Brandcenter student’s love of Dungeons & Dragons becomes a successful crowdsourcing project
Shaw Schiappacasse, a copywriting student at the VCU Brandcenter, has turned his passion for Dungeons & Dragons into a successful crowdfunded project and portfolio piece, one that now is bringing his written words to life.
Schiappacasse has played the role-playing game for years. He is active in the online community for the game and loves writing about it.
“One night at 2 in the morning, which is when all fun ideas come in, I started to think of ideas for a setting,” Schiappacasse said. “I just started to write about it.”
In the Dungeons & Dragons fantasy game, a dungeon master leads players through campaigns. The players encounter monsters and often must solve a problem. The game uses imagination and requires players to work together.
The dungeon master helps paint a picture of the world where the characters are adventuring. The dungeon master bases the campaign on a module, and Schiappacasse imagined an entire world to help a dungeon master manage a campaign.
“It’s a module,” Schiappacasse said. “It’s a setting. It’s a world. I didn’t make a game. I didn’t make a story. I made a place for your games and your story.”
Schiappacasse told Berwyn Hung, a professor in the Brandcenter, about the project. Hung was impressed with the work that Schiappacasse had already done and encouraged him to do more. Hung had played Dungeons & Dragons in the past and knew visuals were a huge part of the game. The books and modules associated with the game have illustrations of the monsters, charters and settings. It helps everyone imagine the world.
“I felt like he had a small presence in that space and I thought that it could be more,” Hung said. “He had most of the writing done and needed artwork.”
Hung encouraged Schiappacasse to put together a crowdfunding project on Kickstarter. Hung thought Schiappacasse, who was well connected to the online Dungeons & Dragons community, could raise money and hire illustrators and other creative professionals to finish the project.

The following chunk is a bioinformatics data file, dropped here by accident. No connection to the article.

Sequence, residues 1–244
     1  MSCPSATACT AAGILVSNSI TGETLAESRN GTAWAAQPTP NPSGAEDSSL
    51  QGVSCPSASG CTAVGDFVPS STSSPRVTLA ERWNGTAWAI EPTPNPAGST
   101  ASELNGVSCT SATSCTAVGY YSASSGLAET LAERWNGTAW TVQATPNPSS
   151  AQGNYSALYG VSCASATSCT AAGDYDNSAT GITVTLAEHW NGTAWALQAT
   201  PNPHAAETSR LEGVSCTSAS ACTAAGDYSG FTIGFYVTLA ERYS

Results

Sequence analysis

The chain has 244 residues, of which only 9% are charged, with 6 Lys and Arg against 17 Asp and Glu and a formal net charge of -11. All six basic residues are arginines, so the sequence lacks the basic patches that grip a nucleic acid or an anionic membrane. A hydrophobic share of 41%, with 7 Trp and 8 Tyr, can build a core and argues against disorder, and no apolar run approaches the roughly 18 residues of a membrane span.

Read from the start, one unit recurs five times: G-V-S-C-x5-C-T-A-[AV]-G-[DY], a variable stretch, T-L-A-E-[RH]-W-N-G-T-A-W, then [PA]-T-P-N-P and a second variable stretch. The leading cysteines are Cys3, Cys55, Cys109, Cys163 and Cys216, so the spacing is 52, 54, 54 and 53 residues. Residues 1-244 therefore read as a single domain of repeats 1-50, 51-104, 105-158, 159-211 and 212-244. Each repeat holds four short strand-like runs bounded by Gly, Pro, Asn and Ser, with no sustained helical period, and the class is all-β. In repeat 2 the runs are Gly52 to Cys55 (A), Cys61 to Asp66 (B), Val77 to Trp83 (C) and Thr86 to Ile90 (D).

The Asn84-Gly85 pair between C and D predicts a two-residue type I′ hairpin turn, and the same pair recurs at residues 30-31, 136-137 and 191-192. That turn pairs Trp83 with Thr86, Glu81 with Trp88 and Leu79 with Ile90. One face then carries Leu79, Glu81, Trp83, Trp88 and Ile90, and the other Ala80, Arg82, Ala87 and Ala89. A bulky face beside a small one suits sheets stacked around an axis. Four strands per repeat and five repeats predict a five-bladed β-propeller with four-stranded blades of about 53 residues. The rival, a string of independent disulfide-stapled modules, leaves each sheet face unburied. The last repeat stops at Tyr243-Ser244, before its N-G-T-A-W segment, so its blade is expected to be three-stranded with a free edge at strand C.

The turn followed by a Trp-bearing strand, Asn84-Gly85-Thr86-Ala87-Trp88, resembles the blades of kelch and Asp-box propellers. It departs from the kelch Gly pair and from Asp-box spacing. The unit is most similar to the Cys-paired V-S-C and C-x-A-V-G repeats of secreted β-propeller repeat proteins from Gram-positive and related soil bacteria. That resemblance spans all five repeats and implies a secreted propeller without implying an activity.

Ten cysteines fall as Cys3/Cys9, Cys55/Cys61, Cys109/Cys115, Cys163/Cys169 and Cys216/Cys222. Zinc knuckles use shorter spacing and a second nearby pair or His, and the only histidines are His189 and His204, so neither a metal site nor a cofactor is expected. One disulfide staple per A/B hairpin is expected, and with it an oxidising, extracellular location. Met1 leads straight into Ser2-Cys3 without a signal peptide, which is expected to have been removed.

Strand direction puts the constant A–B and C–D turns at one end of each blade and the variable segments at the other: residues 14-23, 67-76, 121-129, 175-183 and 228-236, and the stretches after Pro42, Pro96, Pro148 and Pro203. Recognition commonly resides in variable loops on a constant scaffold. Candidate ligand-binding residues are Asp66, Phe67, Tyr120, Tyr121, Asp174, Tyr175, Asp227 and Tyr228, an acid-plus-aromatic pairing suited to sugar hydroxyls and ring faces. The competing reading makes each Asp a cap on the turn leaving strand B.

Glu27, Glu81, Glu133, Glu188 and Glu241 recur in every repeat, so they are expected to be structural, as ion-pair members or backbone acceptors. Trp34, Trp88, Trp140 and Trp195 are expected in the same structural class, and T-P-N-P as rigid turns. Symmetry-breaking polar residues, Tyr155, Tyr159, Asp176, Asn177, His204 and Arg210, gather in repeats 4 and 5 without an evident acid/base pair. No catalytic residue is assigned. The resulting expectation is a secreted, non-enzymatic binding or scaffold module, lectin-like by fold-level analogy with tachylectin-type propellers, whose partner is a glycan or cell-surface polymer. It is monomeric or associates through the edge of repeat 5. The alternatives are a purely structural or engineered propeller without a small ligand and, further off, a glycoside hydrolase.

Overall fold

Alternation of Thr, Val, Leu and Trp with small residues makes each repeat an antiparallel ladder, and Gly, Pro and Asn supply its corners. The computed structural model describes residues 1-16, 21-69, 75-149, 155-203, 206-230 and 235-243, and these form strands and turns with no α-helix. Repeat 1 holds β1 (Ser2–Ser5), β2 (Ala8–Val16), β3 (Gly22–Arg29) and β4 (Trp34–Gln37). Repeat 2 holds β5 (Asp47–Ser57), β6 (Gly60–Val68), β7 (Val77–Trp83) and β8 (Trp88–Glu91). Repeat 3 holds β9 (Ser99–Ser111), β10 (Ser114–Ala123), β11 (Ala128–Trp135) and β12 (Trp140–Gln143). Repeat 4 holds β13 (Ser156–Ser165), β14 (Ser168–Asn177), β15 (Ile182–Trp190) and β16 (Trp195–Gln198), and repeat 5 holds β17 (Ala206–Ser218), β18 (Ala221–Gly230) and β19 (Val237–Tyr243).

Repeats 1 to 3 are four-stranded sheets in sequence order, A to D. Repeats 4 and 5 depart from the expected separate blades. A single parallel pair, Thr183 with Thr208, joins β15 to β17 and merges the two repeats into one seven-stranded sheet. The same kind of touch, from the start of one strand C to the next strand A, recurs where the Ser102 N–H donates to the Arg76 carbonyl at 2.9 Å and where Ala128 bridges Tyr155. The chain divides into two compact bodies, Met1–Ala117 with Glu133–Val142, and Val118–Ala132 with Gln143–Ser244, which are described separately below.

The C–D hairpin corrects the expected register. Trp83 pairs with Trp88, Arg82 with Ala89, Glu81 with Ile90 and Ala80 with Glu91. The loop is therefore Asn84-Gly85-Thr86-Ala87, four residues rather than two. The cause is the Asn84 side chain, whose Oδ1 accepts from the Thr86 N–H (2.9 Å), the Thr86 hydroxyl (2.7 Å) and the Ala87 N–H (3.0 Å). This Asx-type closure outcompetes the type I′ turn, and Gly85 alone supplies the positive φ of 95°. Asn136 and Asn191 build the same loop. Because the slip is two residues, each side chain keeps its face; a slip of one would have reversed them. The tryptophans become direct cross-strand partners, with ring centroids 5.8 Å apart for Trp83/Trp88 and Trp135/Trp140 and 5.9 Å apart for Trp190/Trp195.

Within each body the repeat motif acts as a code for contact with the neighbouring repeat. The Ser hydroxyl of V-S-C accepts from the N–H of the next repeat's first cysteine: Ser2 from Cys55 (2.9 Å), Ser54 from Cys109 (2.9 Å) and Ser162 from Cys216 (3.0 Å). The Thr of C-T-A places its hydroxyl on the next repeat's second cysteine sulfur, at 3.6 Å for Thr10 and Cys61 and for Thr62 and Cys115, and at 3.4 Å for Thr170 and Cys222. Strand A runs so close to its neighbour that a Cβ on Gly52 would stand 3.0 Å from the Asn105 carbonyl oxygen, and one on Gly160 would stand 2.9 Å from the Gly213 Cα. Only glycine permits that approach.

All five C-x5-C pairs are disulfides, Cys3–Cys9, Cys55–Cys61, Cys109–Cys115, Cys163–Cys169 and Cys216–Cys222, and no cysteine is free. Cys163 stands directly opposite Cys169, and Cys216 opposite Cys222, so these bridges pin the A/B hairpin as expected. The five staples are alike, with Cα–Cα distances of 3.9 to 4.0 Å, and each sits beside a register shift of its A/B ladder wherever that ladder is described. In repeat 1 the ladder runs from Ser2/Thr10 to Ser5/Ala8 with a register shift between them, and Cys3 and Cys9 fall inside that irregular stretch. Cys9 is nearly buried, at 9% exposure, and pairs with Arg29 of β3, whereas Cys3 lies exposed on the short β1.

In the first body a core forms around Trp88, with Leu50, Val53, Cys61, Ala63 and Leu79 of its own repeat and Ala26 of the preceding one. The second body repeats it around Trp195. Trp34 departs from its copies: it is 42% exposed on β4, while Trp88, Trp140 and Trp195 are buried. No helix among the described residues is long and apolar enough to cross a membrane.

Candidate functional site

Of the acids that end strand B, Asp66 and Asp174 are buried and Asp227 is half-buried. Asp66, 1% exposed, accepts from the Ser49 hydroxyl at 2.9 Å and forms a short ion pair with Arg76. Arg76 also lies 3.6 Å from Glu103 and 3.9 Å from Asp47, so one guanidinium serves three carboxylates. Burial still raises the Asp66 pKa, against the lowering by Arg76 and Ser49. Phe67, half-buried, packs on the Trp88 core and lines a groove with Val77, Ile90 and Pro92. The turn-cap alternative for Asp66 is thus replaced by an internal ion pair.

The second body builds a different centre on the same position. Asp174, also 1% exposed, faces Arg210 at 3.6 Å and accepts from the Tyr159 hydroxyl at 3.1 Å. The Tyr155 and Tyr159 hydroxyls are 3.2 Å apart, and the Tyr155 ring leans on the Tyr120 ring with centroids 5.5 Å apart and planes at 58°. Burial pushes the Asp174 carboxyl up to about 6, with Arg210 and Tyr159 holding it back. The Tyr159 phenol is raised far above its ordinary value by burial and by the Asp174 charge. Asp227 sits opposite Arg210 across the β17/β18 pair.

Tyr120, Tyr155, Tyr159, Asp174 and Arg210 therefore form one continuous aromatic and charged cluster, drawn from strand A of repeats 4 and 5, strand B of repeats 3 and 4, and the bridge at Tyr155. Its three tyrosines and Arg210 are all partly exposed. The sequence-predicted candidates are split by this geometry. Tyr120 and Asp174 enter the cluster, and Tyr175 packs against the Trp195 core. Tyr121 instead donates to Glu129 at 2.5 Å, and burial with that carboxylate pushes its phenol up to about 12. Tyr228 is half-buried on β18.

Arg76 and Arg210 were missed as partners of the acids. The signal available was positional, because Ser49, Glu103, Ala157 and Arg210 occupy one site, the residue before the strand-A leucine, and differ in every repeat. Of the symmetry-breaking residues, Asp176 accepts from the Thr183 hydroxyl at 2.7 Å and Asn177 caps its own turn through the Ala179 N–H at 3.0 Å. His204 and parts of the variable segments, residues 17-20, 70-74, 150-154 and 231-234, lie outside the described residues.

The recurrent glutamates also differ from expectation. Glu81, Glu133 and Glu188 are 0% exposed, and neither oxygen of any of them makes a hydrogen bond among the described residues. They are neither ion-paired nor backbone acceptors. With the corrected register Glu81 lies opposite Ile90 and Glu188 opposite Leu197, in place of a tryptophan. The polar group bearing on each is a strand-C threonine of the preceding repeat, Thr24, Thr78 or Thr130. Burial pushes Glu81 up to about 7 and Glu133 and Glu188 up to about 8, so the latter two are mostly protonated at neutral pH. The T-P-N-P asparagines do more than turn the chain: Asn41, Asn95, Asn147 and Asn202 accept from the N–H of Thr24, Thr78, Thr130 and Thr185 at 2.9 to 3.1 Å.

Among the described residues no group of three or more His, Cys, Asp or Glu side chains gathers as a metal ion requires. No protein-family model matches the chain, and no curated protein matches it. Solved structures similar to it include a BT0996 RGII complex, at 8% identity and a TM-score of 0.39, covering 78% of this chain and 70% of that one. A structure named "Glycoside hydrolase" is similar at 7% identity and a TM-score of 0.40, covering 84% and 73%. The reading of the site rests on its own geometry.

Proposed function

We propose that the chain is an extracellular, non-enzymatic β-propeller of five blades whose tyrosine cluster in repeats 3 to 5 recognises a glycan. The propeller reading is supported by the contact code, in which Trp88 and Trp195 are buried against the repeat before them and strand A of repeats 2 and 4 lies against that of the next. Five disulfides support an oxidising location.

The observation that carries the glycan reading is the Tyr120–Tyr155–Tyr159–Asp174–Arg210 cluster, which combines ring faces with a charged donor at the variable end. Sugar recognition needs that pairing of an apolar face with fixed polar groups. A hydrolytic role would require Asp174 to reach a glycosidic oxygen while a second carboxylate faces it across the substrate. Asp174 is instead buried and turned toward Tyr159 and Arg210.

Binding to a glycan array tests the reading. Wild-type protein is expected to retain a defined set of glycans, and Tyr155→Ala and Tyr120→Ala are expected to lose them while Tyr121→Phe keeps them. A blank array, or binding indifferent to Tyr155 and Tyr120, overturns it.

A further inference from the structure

Schiappacasse launched the Kickstarter campaign in December and set a moderate goal of $1,500. Within a few hours, he had reached that goal. The campaign eventually raised $10,000, stunning Schiappacasse. He knows a half-dozen of his supporters, and the rest were people who just wanted to support his project.
“I am super flattered,” Schiappacasse said. “It was flooring to me.”
With the money, Schiappacasse hired an illustrator and a designer to help him lay out the material. People who supported his campaign were able to choose between receiving a PDF copy or printed material. A lot of the money he raised will cover the printing costs. Schiappacasse hopes to have everything designed and printed by June.
Hung believes projects like Schiappacasse’s are important for students and work great as part of a portfolio. Employers want to see initiative by potential employees, something that demonstrates their abilities.
“I think employers these days are looking for that entrepreneurial spirit,” Hung said. “Even if the area where he ends up working is tangential to the game, it will look good.”
Schiappacasse said he never planned to create a project that he could use in his portfolio. He enjoys thinking of new worlds and helping people play Dungeons & Dragons.
“It started out as neither for portfolio or profit,” Schiappacasse said. “It was totally just for fun. And the magical thing about it is that it is still fun. It doesn’t feel like work to me.”